If you’ve been paying attention to the hype given to possible Democratic challengers to President Donald Trump, you’ve probably heard the name of Senator Kamala Harris uttered with awe and reverence.  Recently, however, former San Francisco Mayor Willie Brown admitted he “dated” her some years ago.  Brown was married at the time, so “dated” might not be the right word. At least, that’s probably not how his wife would’ve described their dalliance.  Brown also said he “may have” advance her career in some way.

I think we can all agree that this is bad for several reasons, the most obvious being that:

  1. People should not be given occupational favors for a sexual or romantic relationship.
  2. People should not use the idea of occupational advancement to lure less powerful people into bed.
  3. Adultery isn’t cool.

But a recent Washington Post column had the coldest “hot take” I’ve ever seen about this issue.  Style columnist Monica Hess wrote:

Is this just politics as usual? Is this just politics for women? Politics for men and women who knew Willie Brown — whose career was dogged by accusations of patronage?

Plenty of us have, after all, spent an awful lot of time discussing Bill Clinton’s willie and Anthony Weiner’s wiener: it’s not that we don’t talk about the sexual predilections of male candidates.

But we do talk about them in a different way. We talk about men abusing power. We talk about women not even deserving power. The distinction matters, because the conversation isn’t really about sex, it’s about legitimacy. It’s about who we think has earned the right to be successful, and what criteria we’ll invent, and who we’ll apply it to.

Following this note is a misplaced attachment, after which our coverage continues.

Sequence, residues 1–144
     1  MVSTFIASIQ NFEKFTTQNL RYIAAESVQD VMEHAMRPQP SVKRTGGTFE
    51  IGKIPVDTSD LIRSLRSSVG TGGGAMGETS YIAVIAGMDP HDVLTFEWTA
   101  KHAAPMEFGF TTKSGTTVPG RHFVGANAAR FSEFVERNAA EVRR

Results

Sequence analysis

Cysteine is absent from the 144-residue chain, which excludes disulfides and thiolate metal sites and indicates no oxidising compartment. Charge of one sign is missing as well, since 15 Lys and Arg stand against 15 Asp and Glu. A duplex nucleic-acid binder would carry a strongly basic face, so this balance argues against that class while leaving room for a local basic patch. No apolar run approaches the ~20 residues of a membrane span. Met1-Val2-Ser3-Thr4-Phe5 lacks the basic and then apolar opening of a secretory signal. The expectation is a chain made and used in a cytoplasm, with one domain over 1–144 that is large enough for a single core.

“Maybe we should stop accusing women of ‘sleeping their way’ to the top,” Erin Gloria Ryan wrote in the Daily Beast in 2017. “Maybe because men have been the ones sleeping women to the middle and bottom.”

Um…  Jazz Shaw nicely wraps up her argument, or at least attempts to:

In other words, talking about a male politician’s affairs is fair game because it gives us a chance to ask whether or not they are abusing their power. Stories about the love lives of female candidates, however, do nothing but reinforce gender stereotypes and needlessly tarnish their reputations… or something.

Right.  That’s about as much clarity as I was over her piece.  After the Brett Kavanaugh debacle — and it was, truly, a debacle — I can’t believe the Washington Post had the temerity to publish this hypocritical drivel.

Please.

At least pretend like you’re trying to be fair.

Image Credit: InSapphoWeTrust on Flickr

Hat Tip: Hot Air

About The Author

Mark Meckler

Mark was a co-founder of the Tea Party Patriots, and served as the national coordinator. He left the organization to work more broadly on expanding the self-governance movement beyond the partisan divide. Mark appears regularly on television in outlets as diverse as MSNBC, ABC, NBC, Fox News, CNN, Bloomberg, Fox Business and the BBC. He’s highly sought after for the tea party perspective from print and electronic media outlets, from the Wall Street Journal, New York Times, L.A. Times, Washington Examiner, Politico and the The Hill. Mark blogs at MarkMeckler.com, and his opinion editorials regularly run in many of the leading political newspapers both on and offline. Mark has a BA in English from San Diego State University and graduated with honors from University of the Pacific, McGeorge School of Law in 1988. He practiced real estate and business law for almost a decade. For the last eleven years of his legal career he specialized in Internet advertising law. When not fighting for the future of our nation, Mark is an avid horseman, and lives in rural northern California with his wife Patty and two children.